checkpHLevel Is the logic hard to understand? Are there any ways I can improve upon this methods to get rid of bad habits? To the scientists here: I haven't had that much experience with working with pH levels, so is it correct to increase the pH level with Alkaline's and decrease the level with Acids?

The logic itself is understandable, but your condition can be expressed in a more readable way. As you want to add acids or alcalines I suggest changing int amountToAdd = pool.getOptimumLevel() - pool.getpHLevel(); to something more readable like boolean isAcid = pool.getpHLevel() < pool.getOptimumLevel();. This way it is immediately clear what you are trying to achieve, add acids when it's to alcaline and add alcalines when it's too acid. Your ph-level question: an acid ph-value ranges from 0-7 and alcaline from 7-14 so you add acids to an acid environment (not good :p)

admitPatron Can this method be implemented in any way that can make it more efficient?

Your if-condition could be simplified to if(patronCount < capacity).

Some overall hints for your code. You got some magic numbers i.e., numbers that are not directly understandable e.g., this.pHLevel = 7.45;. Why is it 7.45? In case of that it is common to use constants as you can give them names like private static final int optimumPhLevel = 7.45. If you then use it everyone knows that your ph-level is the optimum level and 7.45 doesn't really matter anymore. Furthermore you can write this.patrons = new ArrayList<>(); instead of this.patrons = new ArrayList<Patron>();. This is called the diamond operator.

patronCount is redundant, you can simply use patrons.size().

Both arrays that are Pool members can be made final.

phLevel is a double meaning you have to work with floating point. You have to consider which values are used and perhaps better to use integer, since no actual meter will have such low/high range of possible values.

checkPhLevel and getOptimumPhLevel are compared in a wrong way, since checkPhLevel is a double you need to compare range of values instead of exact values, this comes out from previous comment about phLevel being a double.

checkPhLevel method does not say what it actually does, meaning it has a side effect. Therefore either split it in two methods where one checks ph level and returns boolean and second method adds required chemical to the pool or rename it to something like balansePoolPhLevel.

checkPhLevel can be simplified to:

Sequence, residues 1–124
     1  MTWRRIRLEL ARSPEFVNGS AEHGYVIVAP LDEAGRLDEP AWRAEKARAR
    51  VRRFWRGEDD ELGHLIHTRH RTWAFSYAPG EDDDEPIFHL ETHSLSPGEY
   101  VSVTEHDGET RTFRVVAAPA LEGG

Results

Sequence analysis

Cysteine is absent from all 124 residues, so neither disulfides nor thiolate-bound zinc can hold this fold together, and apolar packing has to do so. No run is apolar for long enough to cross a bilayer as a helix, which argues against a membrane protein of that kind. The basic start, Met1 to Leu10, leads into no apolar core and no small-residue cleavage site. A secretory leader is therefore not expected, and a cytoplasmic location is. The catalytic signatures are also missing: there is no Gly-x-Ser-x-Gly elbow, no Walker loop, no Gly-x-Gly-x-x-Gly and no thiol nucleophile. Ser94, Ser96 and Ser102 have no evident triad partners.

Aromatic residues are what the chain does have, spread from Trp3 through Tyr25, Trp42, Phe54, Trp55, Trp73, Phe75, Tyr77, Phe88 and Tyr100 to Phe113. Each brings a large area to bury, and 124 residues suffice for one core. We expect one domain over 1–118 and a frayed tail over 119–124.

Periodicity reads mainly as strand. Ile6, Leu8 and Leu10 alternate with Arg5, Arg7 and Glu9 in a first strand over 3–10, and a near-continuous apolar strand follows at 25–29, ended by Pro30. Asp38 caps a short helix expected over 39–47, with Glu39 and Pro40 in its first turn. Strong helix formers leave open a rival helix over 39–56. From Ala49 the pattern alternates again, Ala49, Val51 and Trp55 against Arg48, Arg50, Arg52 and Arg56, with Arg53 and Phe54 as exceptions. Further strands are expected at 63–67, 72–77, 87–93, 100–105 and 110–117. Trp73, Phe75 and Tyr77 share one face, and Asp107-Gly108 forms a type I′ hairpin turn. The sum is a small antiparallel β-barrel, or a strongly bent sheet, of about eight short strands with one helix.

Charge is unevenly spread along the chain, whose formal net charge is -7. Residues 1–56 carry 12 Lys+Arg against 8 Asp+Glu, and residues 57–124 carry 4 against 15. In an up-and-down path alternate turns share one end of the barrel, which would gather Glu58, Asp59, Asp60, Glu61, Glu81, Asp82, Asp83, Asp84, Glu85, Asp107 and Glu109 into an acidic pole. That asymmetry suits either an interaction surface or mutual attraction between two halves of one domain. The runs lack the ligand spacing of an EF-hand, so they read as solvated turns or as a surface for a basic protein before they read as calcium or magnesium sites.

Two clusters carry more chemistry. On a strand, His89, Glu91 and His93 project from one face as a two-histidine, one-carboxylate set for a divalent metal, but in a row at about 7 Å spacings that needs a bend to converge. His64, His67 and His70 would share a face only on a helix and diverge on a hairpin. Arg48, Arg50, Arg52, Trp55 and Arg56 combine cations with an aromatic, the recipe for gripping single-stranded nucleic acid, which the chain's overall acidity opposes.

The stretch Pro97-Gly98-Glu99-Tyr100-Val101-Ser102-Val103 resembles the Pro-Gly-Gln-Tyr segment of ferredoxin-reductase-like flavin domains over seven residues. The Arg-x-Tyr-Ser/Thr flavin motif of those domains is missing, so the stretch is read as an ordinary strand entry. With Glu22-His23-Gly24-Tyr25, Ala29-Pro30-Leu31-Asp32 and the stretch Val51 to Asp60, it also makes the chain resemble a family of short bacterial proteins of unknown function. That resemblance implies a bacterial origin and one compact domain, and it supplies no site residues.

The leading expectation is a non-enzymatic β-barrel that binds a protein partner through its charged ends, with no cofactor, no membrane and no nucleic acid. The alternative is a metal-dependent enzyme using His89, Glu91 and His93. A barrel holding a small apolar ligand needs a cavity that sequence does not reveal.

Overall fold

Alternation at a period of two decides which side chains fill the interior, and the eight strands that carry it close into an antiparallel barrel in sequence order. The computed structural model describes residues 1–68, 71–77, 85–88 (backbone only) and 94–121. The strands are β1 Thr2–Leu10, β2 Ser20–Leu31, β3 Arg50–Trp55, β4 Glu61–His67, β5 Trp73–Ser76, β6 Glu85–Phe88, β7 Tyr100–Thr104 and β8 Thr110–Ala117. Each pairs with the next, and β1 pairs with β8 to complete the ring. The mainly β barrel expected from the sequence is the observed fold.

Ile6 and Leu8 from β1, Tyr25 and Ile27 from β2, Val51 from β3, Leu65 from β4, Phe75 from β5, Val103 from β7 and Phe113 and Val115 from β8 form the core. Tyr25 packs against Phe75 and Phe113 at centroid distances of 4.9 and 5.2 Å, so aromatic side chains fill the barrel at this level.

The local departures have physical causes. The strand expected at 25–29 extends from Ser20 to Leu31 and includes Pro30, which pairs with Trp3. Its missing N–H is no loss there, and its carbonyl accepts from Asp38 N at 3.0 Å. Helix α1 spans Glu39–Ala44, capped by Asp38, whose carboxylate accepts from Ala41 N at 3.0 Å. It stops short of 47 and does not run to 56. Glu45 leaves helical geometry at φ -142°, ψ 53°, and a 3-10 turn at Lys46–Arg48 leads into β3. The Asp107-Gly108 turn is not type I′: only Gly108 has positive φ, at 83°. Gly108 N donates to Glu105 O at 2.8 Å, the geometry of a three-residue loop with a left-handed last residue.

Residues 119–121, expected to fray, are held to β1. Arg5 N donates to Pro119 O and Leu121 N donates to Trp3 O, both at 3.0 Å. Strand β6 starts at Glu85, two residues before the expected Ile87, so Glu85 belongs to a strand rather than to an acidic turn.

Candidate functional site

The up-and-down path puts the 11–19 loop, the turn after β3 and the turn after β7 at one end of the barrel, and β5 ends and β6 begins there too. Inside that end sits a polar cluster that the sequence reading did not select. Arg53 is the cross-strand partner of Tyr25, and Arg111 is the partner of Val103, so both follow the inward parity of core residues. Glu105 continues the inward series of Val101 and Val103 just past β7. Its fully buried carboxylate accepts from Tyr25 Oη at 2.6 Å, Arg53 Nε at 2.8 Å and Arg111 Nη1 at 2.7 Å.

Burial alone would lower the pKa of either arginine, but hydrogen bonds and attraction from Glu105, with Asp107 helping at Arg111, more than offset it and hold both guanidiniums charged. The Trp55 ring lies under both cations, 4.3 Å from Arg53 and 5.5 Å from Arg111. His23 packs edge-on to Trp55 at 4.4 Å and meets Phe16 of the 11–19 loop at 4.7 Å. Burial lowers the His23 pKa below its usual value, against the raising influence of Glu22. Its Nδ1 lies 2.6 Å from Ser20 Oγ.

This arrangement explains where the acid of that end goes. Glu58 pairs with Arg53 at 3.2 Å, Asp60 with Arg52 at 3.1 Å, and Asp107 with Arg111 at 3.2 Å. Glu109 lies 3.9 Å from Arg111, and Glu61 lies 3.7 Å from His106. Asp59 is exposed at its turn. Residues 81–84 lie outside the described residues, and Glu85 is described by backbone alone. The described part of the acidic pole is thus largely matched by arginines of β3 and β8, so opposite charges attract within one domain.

double actualLevel = pool.getpHLevel();
double desiredLevel = pool.getOptimumLevel()

if(Math.abs(actualLevel - desiredLevel) < SOME_DELTA_YOU_THING_IS_PRECISE_ENOUGH) {
return;
}

int amountToAdd = actualLevel - desiredLevel;

: pool.addAlkalis(-amountToAdd); // I think you need to invert it otherwise you are adding it to phLevel in pool class


A good thing to consider would be creating another constructor where you can pass arrays used in Pool class therefore it would be much easier to test, but that's only when you write tests.

admitPatron method can be refactored:

if(this.patronCount >= this.capacity) {
return false;
}

this.patronCount++;

return true;


But instead of doing two things in admitPatron. First being to check if item can be added and second add the item in a list. You could change class API to boolean isPatronLimitReached() and then void addPatron(patron). isPatronLimitReached() simply return boolean if max value is reached and addPatron(patron) add a patron and if list is full throw an error.

I'm bit confused about rotateLifeguards method since you are casting Staff to Lifeguard. Staff also is parent class of Manager and actually can be Staff object itself therefore you could be casting to the wrong class therefore it is not very safe. I don't write Java, but you should not cast Staff instead have a separate list of Lifeguards and Managers. Also you are not using managers anywhere in shown code.

Patron class can be just a string, no reason to keep it as class.

advancePosition method could be split in two parts one which get next position and second part where you assign new position to current position:

public void advancePosition() {
this.position = this.getNextPosition();
}

Position getNextPosition() {
switch(this.position) {
case Position.ONE:
return Position.Two;
...
}
}


This looks like a fairly common exercise (in futility?) A common scenario that can't be represented here is be a lifeguard who is promoted to a manager but still does a few shifts saving lives.

The position should be a property of staff. Checking pH should be a task that has a requirement for managerial position from whoever is assigned to it. It has to be performed regularly so there should be a work schedule. Might as well throw the lifeguard shifts in the schedule too with clocking in and out too. It gets complicated very quickly.

What I am trying to say is that attempts to represent organization hierarchies or taxonomies as a class structure always fail quickly when they encounter real life. Usually this is done with vehicles or animals but this works as an example too. The correct way is to represent roles as properties. :)